I should just buy this stuff in bulk.
What had happened was…
1) I cut the bottom of my old shall up to where I wanted it to lay (allowing 4 inches for the fringe)
2) Twist up and rubber band for the tie dye
3) Dip banded portions in a pan of bleach, saturating the fabric you want tie dyed
4) Take out from pan, let sit until desired color is reached (bleaching black goes from red -> orange -> peach -> white)
5) With rubberbands stil on, rinse with cold water. Then remove the bands and rinse again. Wash with regular detergent in cold water, dry on low heat
6) Lay garment flat on table to do the no-sew hem and fringe trim. I went foot by foot, applying a thin line of liquid stich then finger pressing a half inch folded hem.
7) After you hem the bottom, start to apply the fringe trim (again working in small sections and using a thin line of liquid stich)
8) Continue around entire bottom. Lay flat and let dry.
Total Cost of this project = $6.00
1) cut a square of your fabric, larger then the pocket itself
2) glue a long line of the no-sew glue along top edge of pocket, as close to the seam as possible.
3) align the edge of the fabric with the top edge of the pocket and press
4) repeat steps 2 and 3 for each edge. put a book or something heavy over the pocket and let dry 30 minutes
5) using sharp fabric scissors, cut stray fabric along the line of the seams
1) Same process as the front, but since its a larger piece, i recommend pinning down the fabric while gluing to make sure it remains straight.
2) After it dries, I cut all stray fabric just under the seams except for the bottom hem. I glued the fabric right over the hem to create more of a seamless look.
fringe shorts, thats whats up.
what you’ll need:
step 1: cut the trim to desired lengh, i allowed for about 1 inch past the hem fo mo fringe
step 2: apply a thick line of liquid stich to side seam and carefully place the trim, hold down for a few seconds to allow it to bond.
step 3: allow each of to dry and set separately. lay flat and let dry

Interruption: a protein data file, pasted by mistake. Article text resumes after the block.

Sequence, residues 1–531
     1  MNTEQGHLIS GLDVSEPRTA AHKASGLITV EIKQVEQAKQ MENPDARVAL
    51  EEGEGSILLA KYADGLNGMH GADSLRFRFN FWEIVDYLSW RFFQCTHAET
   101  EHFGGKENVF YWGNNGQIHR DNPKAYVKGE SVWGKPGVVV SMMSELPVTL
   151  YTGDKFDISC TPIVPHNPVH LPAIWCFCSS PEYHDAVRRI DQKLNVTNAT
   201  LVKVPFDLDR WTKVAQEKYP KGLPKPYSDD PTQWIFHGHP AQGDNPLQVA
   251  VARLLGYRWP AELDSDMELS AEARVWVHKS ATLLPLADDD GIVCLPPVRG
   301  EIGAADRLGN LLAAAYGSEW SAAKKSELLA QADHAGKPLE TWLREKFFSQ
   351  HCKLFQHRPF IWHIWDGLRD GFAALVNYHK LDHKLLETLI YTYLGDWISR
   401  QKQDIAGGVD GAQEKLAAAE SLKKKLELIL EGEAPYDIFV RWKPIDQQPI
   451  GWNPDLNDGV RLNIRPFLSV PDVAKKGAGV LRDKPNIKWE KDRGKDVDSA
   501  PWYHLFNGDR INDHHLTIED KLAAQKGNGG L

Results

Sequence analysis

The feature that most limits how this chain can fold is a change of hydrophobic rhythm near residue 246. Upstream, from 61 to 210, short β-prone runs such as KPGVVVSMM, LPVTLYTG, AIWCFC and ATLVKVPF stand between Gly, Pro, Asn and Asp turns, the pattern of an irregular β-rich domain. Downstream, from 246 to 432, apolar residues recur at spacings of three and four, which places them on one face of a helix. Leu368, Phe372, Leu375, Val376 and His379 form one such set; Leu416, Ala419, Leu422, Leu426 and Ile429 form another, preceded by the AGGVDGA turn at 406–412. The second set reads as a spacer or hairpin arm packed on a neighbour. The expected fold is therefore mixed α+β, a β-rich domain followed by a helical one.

step 4: dance a lot.
I have always kind of hated backpacks. they were always so big, so lumpy, so …ugh. but with summer coming up and all the fun fests, bike rides, library trips (oh thats just me?) to go on, i have decided to get myself a backpack.
i found this ex-camper sad sack at my local Goodwill for $4.99.
i saw the craft potential.
pin or clip the fabric in place, wherever you want on the backpack. lift each corner one at a time to glue down.
Step 2) re-clip the fabric down until the glue dries. after about 10 mins, take the clips off and carefully trim off excess fabric from each section. nerd on!
spring has sprung! …on my face!
d&g spring 2012
cute, right? i would be the girl that wears flowers on her face.
cut the flowers so the bottom is level and sets easily to your glasses. hot glue flowers onto the frames in whatever patter you wish.
summertimmmme, and the livin’s easyyy…..
I don’t know where you live, but it feels like summertime here in Chi-city. 80 degrees in March? I’ll take it.
Tie dye is one of my guilty pleasures. Clothes, accessories, bed sheets, curtains, hair, all of it. gimmie. But sometimes (allthetime) I’m lazy and the whole process is a bit tedious for me to really get into. Until I saw THIS. My life as a crafter just got a little bit better.
Sharpie shorts? Get some.
But first, get this:
Step 1: Draw some designs on your shorts with the markers (dots, circles and lines make the best tie dye effect)
Step 2: Fill the syringe with rubbing alcohol and empty it on the middle of your design. (Note: i found the best way was to do one design at a time, so you can let the alcohol drip down and around as the ink spreads. If your design is still to bold, rub it in the fabric to create a faded effect)
Step 3: Continue this process however you want on your fabric. Who doesnt like peace signs on their booty? Did i just blog “booty”? Yes, yes I did.
Let dry completely and wash in cold water, hang dry. BOOM.